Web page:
Shift to two defensive midfielders: Just like most teams, they deploy a defensive midfielder and another centrally to create, but against Chelsea they really need to double up defensively in the midfield if they are to have any chance. 

Chelsea have won the battle of possession in 12 of their last 14 games, while Lille have won it in just five of their last 12. And in the five games of winning possession, Lille have come away with only one victory. Where they are more dangerous is on the counter, and that has to be the plan against the Blues but via prioritizing defending in centrally in the midfield. We all know it is a mismatch on paper, but that’s why they play the game.

Liverpool

Have a short memory: Things haven’t really been going all that well at Liverpool. Aside from all of the positive COVID-19 tests, the results have been rocky as well. They haven’t won a league game since Dec. 16, they’ve taken just two points from a possible nine in their last three games, and the defense has conceded multiple goals in three of the last four matches in all competitions. As a result, they have to commit to having a short memory, not dwelling on the recent form and kick it into another gear. A fairly easy schedule ahead of the first leg against Inter should have them flying high.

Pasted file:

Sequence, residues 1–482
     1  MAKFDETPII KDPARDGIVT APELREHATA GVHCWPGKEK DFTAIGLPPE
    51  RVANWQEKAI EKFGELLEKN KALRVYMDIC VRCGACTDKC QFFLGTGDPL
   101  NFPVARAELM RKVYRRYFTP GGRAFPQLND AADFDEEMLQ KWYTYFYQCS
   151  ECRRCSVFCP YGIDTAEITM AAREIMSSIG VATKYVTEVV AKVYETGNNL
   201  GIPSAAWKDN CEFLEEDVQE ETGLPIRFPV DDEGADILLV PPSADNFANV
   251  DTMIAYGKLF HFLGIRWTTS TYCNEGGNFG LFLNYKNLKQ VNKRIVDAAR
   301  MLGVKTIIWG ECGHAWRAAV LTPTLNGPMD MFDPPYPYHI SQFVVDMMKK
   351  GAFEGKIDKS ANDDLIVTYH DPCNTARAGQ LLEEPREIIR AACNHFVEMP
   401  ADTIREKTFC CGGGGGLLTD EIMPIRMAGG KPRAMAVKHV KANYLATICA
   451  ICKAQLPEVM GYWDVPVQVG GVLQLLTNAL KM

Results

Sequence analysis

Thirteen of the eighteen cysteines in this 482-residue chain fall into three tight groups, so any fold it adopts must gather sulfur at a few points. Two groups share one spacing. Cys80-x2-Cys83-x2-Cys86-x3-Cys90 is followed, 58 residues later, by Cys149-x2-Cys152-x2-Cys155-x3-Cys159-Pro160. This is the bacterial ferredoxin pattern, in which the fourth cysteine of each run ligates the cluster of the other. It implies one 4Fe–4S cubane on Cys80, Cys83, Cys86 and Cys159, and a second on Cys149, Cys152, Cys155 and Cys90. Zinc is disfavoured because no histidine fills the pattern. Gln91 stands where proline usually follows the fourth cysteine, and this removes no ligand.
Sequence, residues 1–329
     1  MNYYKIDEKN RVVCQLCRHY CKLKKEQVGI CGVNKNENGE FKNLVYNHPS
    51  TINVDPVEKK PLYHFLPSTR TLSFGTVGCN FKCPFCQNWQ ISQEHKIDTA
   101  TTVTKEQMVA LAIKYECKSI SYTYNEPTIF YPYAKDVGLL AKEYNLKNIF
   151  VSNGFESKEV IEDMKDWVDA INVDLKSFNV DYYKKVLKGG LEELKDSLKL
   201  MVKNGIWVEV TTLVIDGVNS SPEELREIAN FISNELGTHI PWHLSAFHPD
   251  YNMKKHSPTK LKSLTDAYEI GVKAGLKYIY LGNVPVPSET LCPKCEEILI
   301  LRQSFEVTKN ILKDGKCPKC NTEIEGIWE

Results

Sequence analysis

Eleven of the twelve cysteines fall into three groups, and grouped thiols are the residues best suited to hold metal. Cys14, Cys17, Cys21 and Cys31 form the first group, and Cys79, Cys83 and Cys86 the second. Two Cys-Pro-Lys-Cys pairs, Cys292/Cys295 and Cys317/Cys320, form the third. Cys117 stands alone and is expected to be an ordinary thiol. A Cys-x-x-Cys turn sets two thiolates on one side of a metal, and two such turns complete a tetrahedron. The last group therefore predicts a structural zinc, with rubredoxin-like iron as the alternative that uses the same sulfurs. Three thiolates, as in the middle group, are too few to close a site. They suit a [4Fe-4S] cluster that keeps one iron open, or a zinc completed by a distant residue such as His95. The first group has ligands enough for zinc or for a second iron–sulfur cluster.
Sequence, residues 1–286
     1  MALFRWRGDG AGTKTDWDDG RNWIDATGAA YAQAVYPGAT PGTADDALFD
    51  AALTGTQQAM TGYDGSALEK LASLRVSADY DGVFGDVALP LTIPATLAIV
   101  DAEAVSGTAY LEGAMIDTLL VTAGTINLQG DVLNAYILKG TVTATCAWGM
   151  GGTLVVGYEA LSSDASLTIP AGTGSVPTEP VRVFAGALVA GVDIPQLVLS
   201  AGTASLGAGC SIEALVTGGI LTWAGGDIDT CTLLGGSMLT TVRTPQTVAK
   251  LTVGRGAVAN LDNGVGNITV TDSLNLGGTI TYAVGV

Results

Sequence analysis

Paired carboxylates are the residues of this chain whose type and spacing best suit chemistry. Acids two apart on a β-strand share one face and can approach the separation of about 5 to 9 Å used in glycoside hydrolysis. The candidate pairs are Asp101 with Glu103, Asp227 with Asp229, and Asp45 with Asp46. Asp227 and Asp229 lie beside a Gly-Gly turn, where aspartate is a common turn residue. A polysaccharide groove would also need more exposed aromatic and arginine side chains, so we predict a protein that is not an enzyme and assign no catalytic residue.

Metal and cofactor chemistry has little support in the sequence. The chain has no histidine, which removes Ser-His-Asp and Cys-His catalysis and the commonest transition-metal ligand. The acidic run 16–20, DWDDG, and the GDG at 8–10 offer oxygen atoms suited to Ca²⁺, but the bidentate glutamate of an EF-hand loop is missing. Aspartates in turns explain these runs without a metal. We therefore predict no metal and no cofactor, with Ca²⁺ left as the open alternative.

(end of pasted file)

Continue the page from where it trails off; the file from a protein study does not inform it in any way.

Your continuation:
Only once this season in league play have they dropped points then followed up with a win. There is a trend of stringing together poor results, and it only gets more hectic with the EFL Cup semifinals taking place and their participation in the FA Cup coming up. Rotation will be key, as it is for any side, but as will having a short memory and looking to get back on track after underwhelming performances. 

Manchester City

Don’t try and get too cute: The downfall for City in the Champions League, especially last season, has been Pep Guardiola overthinking things. The unnecessary formation change in the final, which included a shock start for Raheem Sterling, saw them implode on the biggest of stages. This is Manchester City — arguably the most talented and dangerous team in the world. Pep must commit to not trying to do too much, stick to what has gotten them into the top tier of clubs and believe that the results will come. Tinkering around cost them a UCL title last season, and they must not repeat that if they want to win it this season.

Manchester United

Change the whole darn formation: Manchester United have been absolutely awful as of late. Let’s take a look at what has transpired in terms of results since early December following Ole Gunnar Solskjaer’s sacking: